1. Introduction Randomized controlled trials (RCTs) show that cognitive behavioral therapy (CBT) in various formats (individual, group, as well as guided internet-delivered self-help) is effective for people with social anxiety disorder, or SAD (e.g., Andersson et al., 2014, Clark et al., 2006, Heimberg, 2002 and Mayo-Wilson et al., 2014). However, even with the best psychological treatments, more than one in four do not improve sufficiently (e.g., Ponniah & Hollon, 2008), and this heterogeneity in treatment response is worthy of further investigation. It is a rule rather than an exception that people have several mental health and somatic problems (Harvey, Watkins, Mansell, & Shafran, 2004), and co-morbidity is an important factor to consider in relation to treatment response. Depression and other anxiety disorders are common co-morbid problems in people with SAD (Kessler et al., 2005, Rapee and Spence, 2004 and Schneider et al., 1992). Moreover, use of dysfunctional emotion regulation strategies like avoidance behaviors (both on an overt and a covert level) are common in SAD. Such behaviors are positively related to clinical severity, and have been shown to maintain the disorder (Harvey et al., 2004). Importantly, it is likely the inflexible use of dysfunctional emotion regulation strategies, like avoidance behaviors, to manage intense anxiety in a range of different social situations that maintains SAD rather than the level of anxiety per se (Harvey et al., 2004). Hence, both co-morbidity and avoidance behavior could underlie heterogeneity in treatment response in individuals with SAD. Indeed, co-morbid depressive symptoms as well as high levels of avoidance behavior have previously been shown to predict suboptimal treatment response in people with SAD (e.g., Eskildsen et al., 2010, Hedman et al., 2012, Nordgreen et al., 2012 and Rodebaugh et al., 2004), although the results regarding depressive symptoms have been mixed (Eskildsen et al., 2010, Nordgreen et al., 2012 and Rodebaugh et al., 2004). It can further be hypothesized that a combination of risk factors may particularly increase the risk for poor treatment outcome, possibly explaining the mixed findings regarding depressive symptoms as a treatment predictor. In other words, there may be subgroups of individuals with different profiles of risk factors for poor treatment response. However, when examining such risk profiles we cannot rely only on variable-oriented methods such as regression based approaches, which are commonly used in analyses of RCTs. First, the relationship between the predictors and outcome might not be linear. Second, there might be subgroups of people with profiles consisting of a combination of risk factors which could be hidden in variable-oriented methods (useful in understanding what characteristics co-aggregate in a group of individuals) and for which person-oriented methods (useful in finding subgroups of individuals) like cluster analysis are needed. Thus, the overall purpose of the current study was to use person-oriented, in addition to variable-oriented, methods to examine if treatment outcome in SAD is related to patterns of social avoidance and depressive symptoms. Using cluster analysis we sought, first, to identify subgroups of social avoidance and depressive symptoms in a clinical SAD sample before and after ICBT and, second, to compare the derived subgroups on diagnostic status after treatment and on social anxiety symptom severity before and after ICBT. A final aim was to examine individual stability and movement between subgroups (clusters) from pre- to post-treatment. We hypothesized that a cluster of high social avoidance and depressive symptoms would be possible to identify and that this would be particularly characterized by poor treatment outcome.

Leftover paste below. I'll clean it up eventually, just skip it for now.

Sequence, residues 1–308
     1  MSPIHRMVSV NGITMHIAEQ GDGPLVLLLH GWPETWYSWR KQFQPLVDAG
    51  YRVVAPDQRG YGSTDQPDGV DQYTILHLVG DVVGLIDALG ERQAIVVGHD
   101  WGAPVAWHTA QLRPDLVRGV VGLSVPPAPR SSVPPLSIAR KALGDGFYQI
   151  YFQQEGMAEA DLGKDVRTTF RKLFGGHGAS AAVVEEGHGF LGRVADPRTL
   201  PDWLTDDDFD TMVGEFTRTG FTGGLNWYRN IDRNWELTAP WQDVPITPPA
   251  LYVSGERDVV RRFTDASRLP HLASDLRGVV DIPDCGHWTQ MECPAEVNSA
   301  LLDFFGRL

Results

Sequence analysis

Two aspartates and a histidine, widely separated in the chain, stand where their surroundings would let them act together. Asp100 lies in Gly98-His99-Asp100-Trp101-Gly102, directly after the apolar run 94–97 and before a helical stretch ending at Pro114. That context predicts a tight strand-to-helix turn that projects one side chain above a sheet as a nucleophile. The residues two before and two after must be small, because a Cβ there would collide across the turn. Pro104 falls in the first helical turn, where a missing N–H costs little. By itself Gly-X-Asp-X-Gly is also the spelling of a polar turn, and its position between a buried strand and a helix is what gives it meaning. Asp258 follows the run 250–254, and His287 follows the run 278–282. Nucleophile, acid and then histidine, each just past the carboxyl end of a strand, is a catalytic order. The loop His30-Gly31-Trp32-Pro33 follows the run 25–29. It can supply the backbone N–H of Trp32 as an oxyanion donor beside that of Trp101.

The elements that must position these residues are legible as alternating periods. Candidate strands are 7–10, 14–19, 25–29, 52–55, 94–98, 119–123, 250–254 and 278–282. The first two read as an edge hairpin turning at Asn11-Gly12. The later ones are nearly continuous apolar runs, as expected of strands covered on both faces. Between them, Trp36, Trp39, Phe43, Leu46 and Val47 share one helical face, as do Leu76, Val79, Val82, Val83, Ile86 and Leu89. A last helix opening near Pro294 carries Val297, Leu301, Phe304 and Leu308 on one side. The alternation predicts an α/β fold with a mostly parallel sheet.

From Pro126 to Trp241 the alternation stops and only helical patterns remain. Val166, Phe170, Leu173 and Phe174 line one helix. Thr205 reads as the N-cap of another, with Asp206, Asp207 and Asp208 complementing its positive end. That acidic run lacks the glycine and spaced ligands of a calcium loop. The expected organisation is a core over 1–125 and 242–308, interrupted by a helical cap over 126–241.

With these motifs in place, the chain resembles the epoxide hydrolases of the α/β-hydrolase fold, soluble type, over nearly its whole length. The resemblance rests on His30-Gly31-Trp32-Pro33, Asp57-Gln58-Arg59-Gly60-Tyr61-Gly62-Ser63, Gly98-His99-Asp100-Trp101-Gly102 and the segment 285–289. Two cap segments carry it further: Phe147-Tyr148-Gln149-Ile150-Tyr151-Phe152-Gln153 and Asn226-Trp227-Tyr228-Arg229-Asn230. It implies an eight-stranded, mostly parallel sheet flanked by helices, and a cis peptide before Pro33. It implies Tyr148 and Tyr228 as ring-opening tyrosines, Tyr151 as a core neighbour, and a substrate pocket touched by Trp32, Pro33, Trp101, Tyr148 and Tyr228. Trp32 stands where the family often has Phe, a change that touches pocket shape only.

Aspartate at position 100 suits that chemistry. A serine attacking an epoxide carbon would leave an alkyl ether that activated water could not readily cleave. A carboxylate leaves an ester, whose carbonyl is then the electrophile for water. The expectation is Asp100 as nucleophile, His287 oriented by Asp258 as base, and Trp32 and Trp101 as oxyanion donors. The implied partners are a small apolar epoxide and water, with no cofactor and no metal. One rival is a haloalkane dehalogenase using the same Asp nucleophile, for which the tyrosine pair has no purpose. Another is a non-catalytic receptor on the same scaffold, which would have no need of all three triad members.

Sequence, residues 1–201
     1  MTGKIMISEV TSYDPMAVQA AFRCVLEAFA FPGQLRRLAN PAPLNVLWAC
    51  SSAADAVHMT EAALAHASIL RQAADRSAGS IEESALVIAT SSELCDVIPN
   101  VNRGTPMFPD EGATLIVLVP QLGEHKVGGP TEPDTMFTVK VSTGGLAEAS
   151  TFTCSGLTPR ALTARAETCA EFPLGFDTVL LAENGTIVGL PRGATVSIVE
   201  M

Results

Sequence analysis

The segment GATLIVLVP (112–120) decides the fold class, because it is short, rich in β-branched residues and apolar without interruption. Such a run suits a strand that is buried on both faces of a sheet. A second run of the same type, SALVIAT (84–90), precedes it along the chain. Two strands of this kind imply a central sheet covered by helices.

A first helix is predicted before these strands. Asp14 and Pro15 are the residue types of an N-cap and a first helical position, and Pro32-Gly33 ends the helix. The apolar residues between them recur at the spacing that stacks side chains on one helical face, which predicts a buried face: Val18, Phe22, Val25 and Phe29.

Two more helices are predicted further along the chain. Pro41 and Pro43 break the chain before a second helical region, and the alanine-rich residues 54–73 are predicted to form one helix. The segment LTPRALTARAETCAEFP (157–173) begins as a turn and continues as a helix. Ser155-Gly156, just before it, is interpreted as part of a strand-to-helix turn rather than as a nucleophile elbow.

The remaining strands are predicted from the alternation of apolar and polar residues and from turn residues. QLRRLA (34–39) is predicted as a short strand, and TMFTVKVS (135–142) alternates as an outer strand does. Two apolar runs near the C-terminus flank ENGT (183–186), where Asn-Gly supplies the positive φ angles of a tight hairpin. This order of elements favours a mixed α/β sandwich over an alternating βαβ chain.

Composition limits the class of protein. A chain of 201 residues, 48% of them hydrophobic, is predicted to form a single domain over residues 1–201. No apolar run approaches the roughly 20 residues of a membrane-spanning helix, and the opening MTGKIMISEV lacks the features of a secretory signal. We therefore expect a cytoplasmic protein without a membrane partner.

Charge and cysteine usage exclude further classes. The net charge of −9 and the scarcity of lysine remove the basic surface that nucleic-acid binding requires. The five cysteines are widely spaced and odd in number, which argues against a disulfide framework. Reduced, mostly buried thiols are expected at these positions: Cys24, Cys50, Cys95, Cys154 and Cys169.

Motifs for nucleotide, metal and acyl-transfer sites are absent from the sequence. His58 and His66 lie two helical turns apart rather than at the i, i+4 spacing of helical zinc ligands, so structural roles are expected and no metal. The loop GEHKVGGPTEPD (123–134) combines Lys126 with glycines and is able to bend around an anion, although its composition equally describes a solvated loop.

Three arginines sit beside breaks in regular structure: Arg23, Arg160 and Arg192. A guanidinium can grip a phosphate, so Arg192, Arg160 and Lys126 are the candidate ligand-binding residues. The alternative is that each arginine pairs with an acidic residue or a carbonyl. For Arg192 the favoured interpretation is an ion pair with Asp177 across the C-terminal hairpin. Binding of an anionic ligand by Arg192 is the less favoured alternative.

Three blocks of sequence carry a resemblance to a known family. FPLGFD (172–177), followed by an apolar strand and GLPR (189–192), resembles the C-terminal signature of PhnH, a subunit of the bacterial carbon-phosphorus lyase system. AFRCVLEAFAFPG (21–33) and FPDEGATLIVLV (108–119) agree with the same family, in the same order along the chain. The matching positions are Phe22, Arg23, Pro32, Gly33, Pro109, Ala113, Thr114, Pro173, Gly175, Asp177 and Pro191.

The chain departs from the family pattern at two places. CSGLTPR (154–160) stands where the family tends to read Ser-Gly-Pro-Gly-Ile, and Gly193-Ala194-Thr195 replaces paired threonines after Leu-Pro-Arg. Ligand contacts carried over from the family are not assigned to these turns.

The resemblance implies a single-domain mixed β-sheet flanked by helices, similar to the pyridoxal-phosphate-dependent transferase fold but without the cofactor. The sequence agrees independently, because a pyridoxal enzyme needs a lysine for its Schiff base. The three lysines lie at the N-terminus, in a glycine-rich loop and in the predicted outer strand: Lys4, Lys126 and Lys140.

نتیجه گیری انگلیسی
5. Conclusions The present results show that the combination of high avoidance and depression in individuals with SAD entering guided ICBT constitute a clear risk profile for poor treatment response. Thus, it is important to specifically target social avoidance and depressive symptoms in people with SAD in guided ICBT. This point to the importance of measure both social avoidance and depressive symptoms before, during and after ICBT. If a person exhibits this high-problem profile it might be particularly important to pay attention to that homework assignments related to all forms of exposure for social situations are not avoided. Furthermore, to targeting the depressive symptoms more specific a possibility to choose a module consisting of components of behavioral activation might be available.